Now that we’ve covered pictures and words, it’s time to think a bit more about sounds (aka audio clips). Sounds can be the perfect punctuation within a sermon, a church presentation or a play.
Sounds can illicit soothing thoughts or visceral reactions, they can emphasize a feeling by being melodious or cacophonous.
In short, sounds are powerful.
We can incorporate that power into the work we do in the church, whether in the congregation, on staff or in the pulpit. We only need tools to use and the skills to use those tools. If you can download a file then you have all the skills you need to use the tool I’ll tell you about today.
It’s called freesound.org which, as you’ve probably guessed, is a repository of audio clips that can be used for free. All are publicly available and royalty-free, some require attribution.
If those terms seem difficult, please take a look at this previous blog where we talked about them in more depth.
Using the clip also includes modifying, altering or recombining it with other audio to create your own unique work.
How do you modify a sound (shorten it, remove some background noise, add a secondary sound, amplify it, etc.)? Well, there’s software for that (also free) and we’ll talk more about my personal favorite “Audacity” in the next post.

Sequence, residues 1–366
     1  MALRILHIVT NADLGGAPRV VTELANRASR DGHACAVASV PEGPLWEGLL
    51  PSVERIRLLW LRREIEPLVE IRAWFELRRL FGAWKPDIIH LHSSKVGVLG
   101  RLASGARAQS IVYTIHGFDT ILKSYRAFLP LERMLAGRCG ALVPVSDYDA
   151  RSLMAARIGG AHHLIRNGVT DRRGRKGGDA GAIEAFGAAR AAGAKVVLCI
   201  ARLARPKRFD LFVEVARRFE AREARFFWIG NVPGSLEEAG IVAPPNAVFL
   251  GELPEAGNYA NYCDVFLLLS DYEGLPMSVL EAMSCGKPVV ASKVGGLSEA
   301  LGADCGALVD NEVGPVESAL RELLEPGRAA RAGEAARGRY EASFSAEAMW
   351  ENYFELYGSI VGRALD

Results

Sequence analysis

While you may listen to the sounds without logging on, freesound.org requires you register to download the audio clips on the site.
Registration is painless as all that’s required is a username, password and email address. No credit card information is required or even asked for.
I used freesound to find just the right “ding” sound for a recent Lenten silent retreat held at our church. We needed a way to indicate to attendees that they could move to the next station of the Cross without speaking. We had a lot of choices (click the play button to hear the sounds):
Sound created by suzenako (http://freesound.org/people/suzenako)
Ultimately we settled on this one:
Sound created by Gabriel Killhour (http://freesound.org/people/gkillhour)
One word of caution: Sounds, like graphics, should be used with care. You want to emphasize the focus of your work, not distract from it.
Since Good Friday is around the corner you may want to check out the link below for a selection of storm sounds that are available on freesound.org.
Please let me know in the comments below if you’ve found this post useful (or not) and if you have any follow up questions.